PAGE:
To paraphrase Samuel Johnson, there is in Newcastle all that life can afford: pioneering industry, lush green spaces, a buzzing cultural scene, a renowned seat of learning and some of the best healthcare in the country. Of course, you can’t build a beautiful, vibrant city overnight. Time to nominate an historical hero, I think—an outstanding individual whose legacy, in my opinion, has helped secure Newcastle’s position as one of the finest cities in the country, if not Europe—William George Armstrong.
Born in 1810, Armstrong’s ambitious father, a corn merchant by trade, insisted he pursue a career in law. However, engineering was his great love. In his spare time he designed various devices, and in 1847 exchanged his legal career to found his own company, manufacturing cranes and hydraulic equipment. At its peak, the company employed over 25,000 people. The company continued to expand, diversifying into bridges, armaments and battleships, with several mergers along the way. (The Swing Bridge over the Tyne still in use today was built by the company to enable larger ships to move upstream to the Armstrong works in Elswick.) Apart from being the major employer in the city at the time, the goods produced were ingenious and their templates adopted the world over.
Innovation only makes up a small part of Armstrong’s legacy. Culturally, his contribution to the north east is huge. He bought Jesmond Dene House in 1863, landscaping the surrounding land and donating Jesmond Dene to the people of Newcastle 20 years later. The Dene—an 80-acre wooded valley formed by post-Ice Age meltwater is a true oasis complete with waterfall and grotto. And his famous country retreat at Rothbury, Cragside, was the first house in the world to be lit by hydroelectricity. (Armstrong was a fan of green energy, predicting the decline of the coal industry and favouring solar and hydroelectric power.) Now under the aegis of the National Trust, the estate is a playground for adults and children alike, and showcases his love of innovation with its collection of ahead-of-their-time gadgets. And let’s not forget his restoration of the wild and romantic Bamburgh Castle on the Northumberland coast (which he even kitted out with central heating and air conditioning). It remains the home of the Armstrong family to this day.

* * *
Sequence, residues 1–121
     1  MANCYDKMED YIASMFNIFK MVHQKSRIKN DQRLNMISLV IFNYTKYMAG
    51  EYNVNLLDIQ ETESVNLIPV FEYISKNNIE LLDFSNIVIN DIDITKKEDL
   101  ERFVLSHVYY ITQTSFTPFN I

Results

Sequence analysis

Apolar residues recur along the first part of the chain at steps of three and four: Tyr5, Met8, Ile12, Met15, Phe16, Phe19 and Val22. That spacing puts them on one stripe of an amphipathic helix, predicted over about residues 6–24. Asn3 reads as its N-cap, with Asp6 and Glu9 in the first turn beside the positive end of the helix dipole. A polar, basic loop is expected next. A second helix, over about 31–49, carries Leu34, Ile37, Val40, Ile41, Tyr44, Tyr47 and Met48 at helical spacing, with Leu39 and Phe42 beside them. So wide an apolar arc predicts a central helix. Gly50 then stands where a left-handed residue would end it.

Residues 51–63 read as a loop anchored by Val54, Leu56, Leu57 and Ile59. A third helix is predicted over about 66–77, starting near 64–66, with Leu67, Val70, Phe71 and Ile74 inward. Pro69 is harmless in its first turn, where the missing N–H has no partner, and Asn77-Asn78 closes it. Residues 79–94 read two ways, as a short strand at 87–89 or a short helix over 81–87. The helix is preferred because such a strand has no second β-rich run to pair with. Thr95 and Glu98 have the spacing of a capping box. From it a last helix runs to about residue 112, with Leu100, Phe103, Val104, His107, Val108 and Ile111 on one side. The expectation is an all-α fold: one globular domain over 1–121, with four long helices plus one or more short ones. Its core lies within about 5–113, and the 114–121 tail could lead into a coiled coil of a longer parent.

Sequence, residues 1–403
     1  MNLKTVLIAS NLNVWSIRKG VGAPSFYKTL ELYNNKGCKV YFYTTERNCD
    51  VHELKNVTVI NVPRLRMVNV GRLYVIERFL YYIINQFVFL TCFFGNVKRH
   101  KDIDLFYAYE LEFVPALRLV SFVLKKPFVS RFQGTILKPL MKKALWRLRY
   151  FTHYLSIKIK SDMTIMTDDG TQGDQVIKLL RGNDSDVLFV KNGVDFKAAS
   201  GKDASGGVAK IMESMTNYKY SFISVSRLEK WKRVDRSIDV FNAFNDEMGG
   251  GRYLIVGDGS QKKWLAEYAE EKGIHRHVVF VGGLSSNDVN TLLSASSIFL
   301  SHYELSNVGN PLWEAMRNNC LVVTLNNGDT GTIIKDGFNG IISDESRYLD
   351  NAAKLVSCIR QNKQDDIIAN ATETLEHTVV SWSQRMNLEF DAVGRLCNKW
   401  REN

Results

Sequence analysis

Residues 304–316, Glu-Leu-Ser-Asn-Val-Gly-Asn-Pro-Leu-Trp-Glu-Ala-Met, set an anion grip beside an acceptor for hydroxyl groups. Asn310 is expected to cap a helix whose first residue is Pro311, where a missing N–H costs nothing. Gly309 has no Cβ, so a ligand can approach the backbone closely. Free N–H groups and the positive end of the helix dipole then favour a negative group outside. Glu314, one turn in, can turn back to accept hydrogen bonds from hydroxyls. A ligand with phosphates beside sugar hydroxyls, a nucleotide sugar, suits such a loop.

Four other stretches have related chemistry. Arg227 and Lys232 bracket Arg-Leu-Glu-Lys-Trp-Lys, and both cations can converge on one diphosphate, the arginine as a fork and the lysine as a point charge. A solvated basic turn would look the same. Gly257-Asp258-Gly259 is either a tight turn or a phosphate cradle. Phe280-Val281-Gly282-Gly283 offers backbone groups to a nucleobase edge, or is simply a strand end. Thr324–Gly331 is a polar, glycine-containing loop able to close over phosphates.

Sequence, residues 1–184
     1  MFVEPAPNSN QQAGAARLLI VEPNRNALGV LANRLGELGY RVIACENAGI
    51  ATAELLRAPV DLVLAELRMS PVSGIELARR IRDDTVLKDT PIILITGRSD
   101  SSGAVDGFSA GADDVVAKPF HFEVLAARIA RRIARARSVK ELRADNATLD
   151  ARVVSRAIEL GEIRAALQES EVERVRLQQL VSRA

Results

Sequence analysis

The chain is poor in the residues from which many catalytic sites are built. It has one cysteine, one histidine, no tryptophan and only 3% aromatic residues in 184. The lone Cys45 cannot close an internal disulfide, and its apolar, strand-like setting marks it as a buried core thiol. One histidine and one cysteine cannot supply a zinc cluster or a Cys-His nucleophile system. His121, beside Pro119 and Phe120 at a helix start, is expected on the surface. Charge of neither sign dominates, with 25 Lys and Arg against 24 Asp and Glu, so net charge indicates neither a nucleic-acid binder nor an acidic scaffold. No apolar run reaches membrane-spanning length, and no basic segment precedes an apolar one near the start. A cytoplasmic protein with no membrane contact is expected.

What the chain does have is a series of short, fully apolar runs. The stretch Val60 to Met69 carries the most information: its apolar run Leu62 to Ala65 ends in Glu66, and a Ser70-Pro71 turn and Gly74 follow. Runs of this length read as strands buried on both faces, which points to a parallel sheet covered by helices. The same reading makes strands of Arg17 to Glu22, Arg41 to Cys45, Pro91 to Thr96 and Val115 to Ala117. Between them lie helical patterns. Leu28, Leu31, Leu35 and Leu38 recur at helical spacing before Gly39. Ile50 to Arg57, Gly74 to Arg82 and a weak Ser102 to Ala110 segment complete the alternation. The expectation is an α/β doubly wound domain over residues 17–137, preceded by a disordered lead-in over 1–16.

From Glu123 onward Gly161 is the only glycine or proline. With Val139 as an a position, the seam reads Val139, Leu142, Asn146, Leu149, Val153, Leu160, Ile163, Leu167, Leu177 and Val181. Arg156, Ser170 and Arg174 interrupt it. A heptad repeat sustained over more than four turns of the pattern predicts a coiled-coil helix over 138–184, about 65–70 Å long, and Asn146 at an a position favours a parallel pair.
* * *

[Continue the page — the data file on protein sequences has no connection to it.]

A generous benefactor, Armstrong founded the College of Physical Science in 1871, which later became part of the top-ranking Newcastle University we know today. He contributed to the establishment of the Hancock Natural History Museum, now the Great North Museum, where you can wonder at a full-size T Rex skeleton, an interactive Hadrian’s Wall and curiosities from around the world. And in 1901, a year after his death, his heir William Watson-Armstrong donated a hefty sum towards the building of the Royal Victoria Infirmary.
Writing this article has made me realise how much this man’s legacy has touched my own life in Newcastle. My children were born at the Royal Victoria Infirmary. On many occasions I have walked, waddled and pushed a pram along Armstrong Bridge to Jesmond Dene and spent many happy hours therein (most memorably at 5.30 on a summer’s morning thanks to pregnancy insomnia and noisy neighbours—an enchanted garden, full of greenness and rhododendrons, all to myself). Here in Blaydon, with the now-downtrodden Elswick just in view, I can well imagine how only a few generations ago it would be bustling with life and industry, at the forefront of industry and innovation.
Forward-thinking, innovative and philanthropic, green champion and all-round polymath, I nominate Lord Armstrong as my first historical hero…now it’s your turn—who’s yours?